[Masthead] Fair ~ 46°F  
High: 68°F ~ Low: 43°F
Monday, May 2, 2016

Extension Line

Friday, June 18, 2010

With the weather heating up and the desire to use the home air conditioner, I realize that there will be a cost to being cool and comfortable. How can I reduce other electrical needs in the house to feel less guilty running the air conditioner?

The average American home is brimming with consumer electronics and appliances (e.g. televisions, DVD players, stereos, kitchen gadgets, etc.). These products amount to approximately 15% of a home's utility usage. What you may not realize is that these modern conveniences can cost you a lot of money on your power bill even when they are still plugged in, but turned off.

Products with clock displays, remote controls, and other features draw power 24 hours per day. Another way to figure out if your appliance is drawing power is to touch the plug. If it is warm to the touch, it is drawing power. Although an individual product draws little standby power by itself, a typical American home has about 40 products continuously drawing power. This consumption is called "phantom," or "standby" energy use. This combined phantom energy use can account for about 10% of your power bill.

Since altering the energy requirements of existing appliances and electronics is not possible, using them mindfully, or replacing them with energy efficient models, will significantly reduce the amount of energy they require.

Here are a few ways to reduce the energy consumption of existing appliances:

*Use a high quality power strip as a central power supply for clusters of computer, video (TV, DVD, video games, etc.), or audio products (receivers, amplifiers, etc.), so everything can be switched off with one action when the equipment is not in use. Do not overload a circuit with too many items plugged in, as that is dangerous. Most circuits in a home are 15 AMPs, but only use 75%, which is about 11 AMPs. Look at the amount of AMPs that each item uses to calculate and prevent this circuit overload. Contact an electrician or your local utility company if you need more information about AMPs.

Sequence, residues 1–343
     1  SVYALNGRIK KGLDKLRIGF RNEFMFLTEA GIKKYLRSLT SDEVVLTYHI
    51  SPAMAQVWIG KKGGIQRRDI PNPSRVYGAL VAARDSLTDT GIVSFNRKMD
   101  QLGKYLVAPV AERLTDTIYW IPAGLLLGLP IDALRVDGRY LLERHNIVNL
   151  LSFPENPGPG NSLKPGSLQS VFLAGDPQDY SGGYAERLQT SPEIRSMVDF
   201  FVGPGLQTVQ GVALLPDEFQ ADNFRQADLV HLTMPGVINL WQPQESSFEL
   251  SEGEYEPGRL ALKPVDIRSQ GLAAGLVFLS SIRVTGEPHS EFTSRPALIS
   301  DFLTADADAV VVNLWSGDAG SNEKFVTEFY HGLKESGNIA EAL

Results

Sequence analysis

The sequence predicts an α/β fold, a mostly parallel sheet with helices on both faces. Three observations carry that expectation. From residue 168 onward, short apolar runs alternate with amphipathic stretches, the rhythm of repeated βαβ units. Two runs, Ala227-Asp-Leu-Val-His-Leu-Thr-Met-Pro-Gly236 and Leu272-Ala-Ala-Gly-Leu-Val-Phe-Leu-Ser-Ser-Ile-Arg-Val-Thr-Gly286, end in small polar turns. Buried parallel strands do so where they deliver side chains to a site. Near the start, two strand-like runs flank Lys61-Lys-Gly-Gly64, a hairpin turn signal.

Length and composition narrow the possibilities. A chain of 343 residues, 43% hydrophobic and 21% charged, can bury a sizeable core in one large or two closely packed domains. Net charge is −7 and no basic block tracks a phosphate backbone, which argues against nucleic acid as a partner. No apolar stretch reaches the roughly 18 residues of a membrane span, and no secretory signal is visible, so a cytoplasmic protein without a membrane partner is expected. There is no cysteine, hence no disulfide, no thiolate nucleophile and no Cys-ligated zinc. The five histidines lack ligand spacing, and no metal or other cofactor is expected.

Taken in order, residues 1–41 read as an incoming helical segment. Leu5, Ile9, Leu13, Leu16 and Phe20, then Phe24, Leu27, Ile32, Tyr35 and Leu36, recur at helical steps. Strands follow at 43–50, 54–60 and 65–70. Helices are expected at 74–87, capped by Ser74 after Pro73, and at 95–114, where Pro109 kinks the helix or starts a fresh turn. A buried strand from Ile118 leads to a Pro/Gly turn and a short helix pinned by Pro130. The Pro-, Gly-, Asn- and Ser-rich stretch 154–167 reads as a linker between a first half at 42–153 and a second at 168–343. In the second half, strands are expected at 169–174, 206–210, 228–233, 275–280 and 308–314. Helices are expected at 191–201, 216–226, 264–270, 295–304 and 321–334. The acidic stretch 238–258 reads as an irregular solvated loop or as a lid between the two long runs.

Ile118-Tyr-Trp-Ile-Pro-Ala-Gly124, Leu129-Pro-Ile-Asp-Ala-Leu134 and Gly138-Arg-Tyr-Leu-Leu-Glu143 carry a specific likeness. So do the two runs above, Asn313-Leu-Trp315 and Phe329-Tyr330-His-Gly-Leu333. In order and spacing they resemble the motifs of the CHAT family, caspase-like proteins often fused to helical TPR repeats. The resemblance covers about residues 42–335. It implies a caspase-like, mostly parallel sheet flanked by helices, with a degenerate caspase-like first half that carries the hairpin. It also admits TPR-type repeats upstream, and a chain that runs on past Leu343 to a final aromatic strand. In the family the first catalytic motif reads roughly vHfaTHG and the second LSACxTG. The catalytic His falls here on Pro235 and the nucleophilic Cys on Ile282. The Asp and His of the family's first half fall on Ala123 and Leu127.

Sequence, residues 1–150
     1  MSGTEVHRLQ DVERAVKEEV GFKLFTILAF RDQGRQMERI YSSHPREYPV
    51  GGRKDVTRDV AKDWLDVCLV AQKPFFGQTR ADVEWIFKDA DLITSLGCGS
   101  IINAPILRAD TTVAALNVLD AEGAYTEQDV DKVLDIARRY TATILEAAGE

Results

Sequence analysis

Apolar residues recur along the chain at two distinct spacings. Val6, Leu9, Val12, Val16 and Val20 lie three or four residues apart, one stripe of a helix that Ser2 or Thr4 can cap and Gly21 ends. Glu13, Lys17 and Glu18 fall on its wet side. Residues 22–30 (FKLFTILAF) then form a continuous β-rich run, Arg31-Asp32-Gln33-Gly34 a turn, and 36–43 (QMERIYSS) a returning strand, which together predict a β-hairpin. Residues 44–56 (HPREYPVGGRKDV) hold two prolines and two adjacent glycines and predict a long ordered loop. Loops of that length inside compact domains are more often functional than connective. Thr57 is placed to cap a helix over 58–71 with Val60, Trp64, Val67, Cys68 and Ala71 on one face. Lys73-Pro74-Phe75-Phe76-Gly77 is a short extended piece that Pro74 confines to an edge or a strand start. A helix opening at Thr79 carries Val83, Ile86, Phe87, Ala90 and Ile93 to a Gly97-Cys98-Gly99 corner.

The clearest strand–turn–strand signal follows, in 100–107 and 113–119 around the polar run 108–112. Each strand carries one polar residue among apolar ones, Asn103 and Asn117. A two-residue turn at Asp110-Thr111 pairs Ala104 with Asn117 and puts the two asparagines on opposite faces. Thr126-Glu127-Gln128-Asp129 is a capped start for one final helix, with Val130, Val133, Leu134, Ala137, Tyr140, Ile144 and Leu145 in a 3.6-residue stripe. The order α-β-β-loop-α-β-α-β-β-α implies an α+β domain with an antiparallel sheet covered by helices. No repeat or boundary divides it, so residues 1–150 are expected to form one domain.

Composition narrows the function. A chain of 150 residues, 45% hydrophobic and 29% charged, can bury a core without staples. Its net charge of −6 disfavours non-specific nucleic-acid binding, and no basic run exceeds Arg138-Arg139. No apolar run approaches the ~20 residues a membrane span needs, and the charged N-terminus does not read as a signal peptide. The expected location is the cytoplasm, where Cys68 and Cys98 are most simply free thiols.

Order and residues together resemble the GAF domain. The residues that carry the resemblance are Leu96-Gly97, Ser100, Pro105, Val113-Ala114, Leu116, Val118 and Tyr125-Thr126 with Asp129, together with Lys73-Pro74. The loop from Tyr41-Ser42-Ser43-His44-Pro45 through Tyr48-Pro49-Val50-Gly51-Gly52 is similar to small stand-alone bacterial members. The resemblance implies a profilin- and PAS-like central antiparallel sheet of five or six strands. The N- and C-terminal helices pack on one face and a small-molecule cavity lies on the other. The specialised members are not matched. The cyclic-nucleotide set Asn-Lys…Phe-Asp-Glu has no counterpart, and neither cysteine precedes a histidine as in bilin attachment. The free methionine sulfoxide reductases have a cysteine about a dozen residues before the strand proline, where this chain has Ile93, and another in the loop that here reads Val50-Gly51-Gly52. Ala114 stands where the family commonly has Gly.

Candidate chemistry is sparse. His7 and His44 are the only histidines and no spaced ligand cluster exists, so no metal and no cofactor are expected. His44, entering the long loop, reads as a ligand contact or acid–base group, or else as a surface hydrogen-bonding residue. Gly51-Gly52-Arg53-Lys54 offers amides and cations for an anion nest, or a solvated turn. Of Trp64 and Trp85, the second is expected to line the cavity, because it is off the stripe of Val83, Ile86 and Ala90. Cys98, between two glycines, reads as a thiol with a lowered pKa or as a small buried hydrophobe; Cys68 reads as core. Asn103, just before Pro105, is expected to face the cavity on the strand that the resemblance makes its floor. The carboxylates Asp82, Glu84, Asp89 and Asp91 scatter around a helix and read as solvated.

*Unplug chargers for cell phones and power supplies (the black cubes that convert AC power to DC) when the equipment is fully charged or not in use.
*Enable power management features on your computer, monitor, and other office equipment.
*Avoid using a screen saver on your computer's monitor; allow the monitor to switch to "Sleep" mode, "Power-down" function, or turn it off when it's not in use.

When it is time to replace an appliance, look for the ENERGY STARŪ logo. ENERGY STAR is a joint program of the U.S. Environmental Protection Agency and the U.S. Department of Energy. Appliances and other household goods, like light bulbs, with this logo have been designed to meet strict standards for energy efficiency.

Reducing other electrical needs in the house will help me pay the power bill to run our home's air conditioner to keep cool this summer.